African Palace is an Ethiopian and Eritrean restaurant just west of Shaw Street on Bloor West.
You know it when you find it. Everyone has that one type of food that you never get sick of, no matter how many nights in a row you gorge yourself or no matter how many times you remind yourself that it may well end up being painful. For me it's Ethiopian food.
Put tikil gomen in front of me and I'll pull the injera (the delicious spongy pancake made from teff) out from under it so quickly it'll appear to have suddenly fallenl through a trap door in the plate.
We're lucky to be rather spoiled in Toronto with clusters of Ethiopian restaurants on both Danforth and Bloor West. Supplementing these are a scattering that includes the excellent Ethiopian House downtown and the all-vegetarian M&B Yummy in Parkdale, to name just two.
African Palace has a friendly, cozy atmosphere (there are about 7 tables in the whole restaurant) and we're warmly greeted when we arrive.
As we've all looked at the online menu in advance and have a shortlist of choices that far exceeds what three people can handle in one sitting, our server suggests ordering a three person platter. This involves the six most popular vegetable dishes as well as three meat stews for the extremely decent total of $28.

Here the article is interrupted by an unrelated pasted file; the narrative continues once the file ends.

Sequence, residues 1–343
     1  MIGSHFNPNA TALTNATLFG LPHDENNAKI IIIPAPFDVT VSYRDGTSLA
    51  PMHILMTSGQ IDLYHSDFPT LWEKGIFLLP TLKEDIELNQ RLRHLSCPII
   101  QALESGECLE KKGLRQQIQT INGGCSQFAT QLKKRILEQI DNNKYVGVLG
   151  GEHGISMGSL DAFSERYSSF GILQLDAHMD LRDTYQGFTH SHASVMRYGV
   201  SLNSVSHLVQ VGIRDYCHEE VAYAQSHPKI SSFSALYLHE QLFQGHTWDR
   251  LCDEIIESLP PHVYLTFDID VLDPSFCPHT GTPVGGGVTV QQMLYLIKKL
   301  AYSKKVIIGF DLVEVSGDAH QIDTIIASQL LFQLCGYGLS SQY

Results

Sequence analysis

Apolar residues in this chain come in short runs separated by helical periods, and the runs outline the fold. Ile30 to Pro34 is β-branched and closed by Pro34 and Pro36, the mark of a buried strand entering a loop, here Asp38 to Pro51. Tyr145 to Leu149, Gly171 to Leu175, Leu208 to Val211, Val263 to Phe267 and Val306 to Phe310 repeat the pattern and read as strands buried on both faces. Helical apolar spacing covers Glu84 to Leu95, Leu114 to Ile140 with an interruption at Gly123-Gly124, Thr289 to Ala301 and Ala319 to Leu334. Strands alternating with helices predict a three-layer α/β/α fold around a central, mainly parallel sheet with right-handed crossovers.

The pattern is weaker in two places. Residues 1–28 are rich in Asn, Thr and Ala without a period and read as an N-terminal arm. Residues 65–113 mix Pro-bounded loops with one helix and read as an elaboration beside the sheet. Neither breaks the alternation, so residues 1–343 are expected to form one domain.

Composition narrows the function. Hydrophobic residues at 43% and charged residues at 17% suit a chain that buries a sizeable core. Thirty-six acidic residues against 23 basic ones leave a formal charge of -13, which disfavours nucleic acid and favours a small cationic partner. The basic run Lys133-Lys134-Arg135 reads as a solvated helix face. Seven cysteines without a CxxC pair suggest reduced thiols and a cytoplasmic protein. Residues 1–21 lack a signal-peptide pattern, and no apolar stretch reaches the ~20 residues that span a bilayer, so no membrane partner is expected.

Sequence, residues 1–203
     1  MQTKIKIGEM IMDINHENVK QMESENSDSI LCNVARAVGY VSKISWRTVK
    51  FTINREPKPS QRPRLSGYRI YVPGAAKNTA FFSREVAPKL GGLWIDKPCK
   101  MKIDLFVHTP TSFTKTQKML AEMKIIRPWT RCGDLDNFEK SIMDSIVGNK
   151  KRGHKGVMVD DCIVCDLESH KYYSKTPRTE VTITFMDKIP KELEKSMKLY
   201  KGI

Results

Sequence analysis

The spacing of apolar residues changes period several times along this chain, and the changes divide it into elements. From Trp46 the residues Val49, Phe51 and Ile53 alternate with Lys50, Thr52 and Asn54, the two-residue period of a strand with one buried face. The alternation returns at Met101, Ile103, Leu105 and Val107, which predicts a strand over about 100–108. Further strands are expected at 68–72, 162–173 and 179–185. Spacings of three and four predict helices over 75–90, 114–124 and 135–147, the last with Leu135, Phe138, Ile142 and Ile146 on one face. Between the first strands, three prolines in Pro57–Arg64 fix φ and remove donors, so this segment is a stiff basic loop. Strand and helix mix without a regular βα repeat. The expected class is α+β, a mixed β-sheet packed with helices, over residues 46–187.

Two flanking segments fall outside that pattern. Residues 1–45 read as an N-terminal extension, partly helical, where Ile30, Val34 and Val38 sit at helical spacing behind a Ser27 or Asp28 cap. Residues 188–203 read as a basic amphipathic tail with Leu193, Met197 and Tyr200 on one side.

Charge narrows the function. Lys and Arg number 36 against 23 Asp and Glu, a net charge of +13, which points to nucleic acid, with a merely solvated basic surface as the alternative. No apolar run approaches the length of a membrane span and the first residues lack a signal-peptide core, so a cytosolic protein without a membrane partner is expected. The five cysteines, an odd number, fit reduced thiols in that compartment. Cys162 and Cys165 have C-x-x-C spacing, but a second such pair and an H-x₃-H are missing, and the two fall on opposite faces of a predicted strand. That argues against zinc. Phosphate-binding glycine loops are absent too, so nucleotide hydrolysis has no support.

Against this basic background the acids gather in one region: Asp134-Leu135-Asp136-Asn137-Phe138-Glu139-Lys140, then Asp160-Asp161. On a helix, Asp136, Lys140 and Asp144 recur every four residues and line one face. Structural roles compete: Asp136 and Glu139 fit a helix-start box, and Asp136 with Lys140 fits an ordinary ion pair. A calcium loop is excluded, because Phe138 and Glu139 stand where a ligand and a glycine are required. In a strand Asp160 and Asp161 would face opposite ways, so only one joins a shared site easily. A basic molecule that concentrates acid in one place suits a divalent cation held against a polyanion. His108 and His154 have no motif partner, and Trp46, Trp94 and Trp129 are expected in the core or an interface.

The beet tibs cooked in onion, jalapeno and garlic are delicious with the shiro wot, a pea stew in berbere sauce (chili with a blend of spices).
The kikel fitfit is usually made with lamb but the chicken that they're substituting it with tonight still works well in it's ginger and garlic sauce.
I was especially looking forward to the dero wot, a chicken drumstick and hard-boiled egg smothered in berbere sauce, as it was the first time I'd tried it.
The most popular meat dish in the restaurant, the beef tibs (sauteed beef in awaze sauce, a spicy pepper paste) nicely rounds out the chicken and vegetable selections.
The other vegetable stews were the spinach staple gomen wot, cooked with garlic and carrots. Yekik alicha, a turmeric-y yellow pea stew goes with everything well, as does the tikil gomen (my personal favourite) a cabbage, carrot and potato mix cooked in turmeric sauce. The azifa, a lemon spiked green lentil composite is pretty damn good too.
As we were initially told not to be shy if we wanted more injera, we ask the owner for a couple more.
She brings them out and then shows us how to load up the pancake pieces so that we don't get too heavy of a pancake to filling ratio (we're too embarrassed to say that we'd actually initially nibbled away most of our pancakes because we couldn't restrain ourselves while the platter was being photographed from all angles).
As it's a welcoming custom she feeds the loaded demonstration pancake to my friend, unfortunately too quickly for us to get a picture of the hungry pelican impression that ensues.
Before she returns to the kitchen, she jokes that we can't leave until everything on the plate is finished. We don't need an excuse to do this but it's nice to have one all the same.
Politeness has never been so rewarding.
Photos by Emma McIntyre